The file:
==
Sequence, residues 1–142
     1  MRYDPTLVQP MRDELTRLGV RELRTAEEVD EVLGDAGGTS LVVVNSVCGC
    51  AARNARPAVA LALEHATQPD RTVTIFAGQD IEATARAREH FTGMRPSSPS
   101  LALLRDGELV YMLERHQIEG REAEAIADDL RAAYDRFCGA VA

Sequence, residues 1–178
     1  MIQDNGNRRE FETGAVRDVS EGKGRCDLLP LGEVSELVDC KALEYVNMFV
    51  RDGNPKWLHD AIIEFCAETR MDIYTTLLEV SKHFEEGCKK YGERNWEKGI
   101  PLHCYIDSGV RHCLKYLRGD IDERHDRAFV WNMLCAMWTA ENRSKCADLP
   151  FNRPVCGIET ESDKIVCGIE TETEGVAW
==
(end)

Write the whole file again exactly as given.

Sequence, residues 1–142
     1  MRYDPTLVQP MRDELTRLGV RELRTAEEVD EVLGDAGGTS LVVVNSVCGC
    51  AARNARPAVA LALEHATQPD RTVTIFAGQD IEATARAREH FTGMRPSSPS
   101  LALLRDGELV YMLERHQIEG REAEAIADDL RAAYDRFCGA VA

Sequence, residues 1–178
     1  MIQDNGNRRE FETGAVRDVS EGKGRCDLLP LGEVSELVDC KALEYVNMFV
    51  RDGNPKWLHD AIIEFCAETR MDIYTTLLEV SKHFEEGCKK YGERNWEKGI
   101  PLHCYIDSGV RHCLKYLRGD IDERHDRAFV WNMLCAMWTA ENRSKCADLP
   151  FNRPVCGIET ESDKIVCGIE TETEGVAW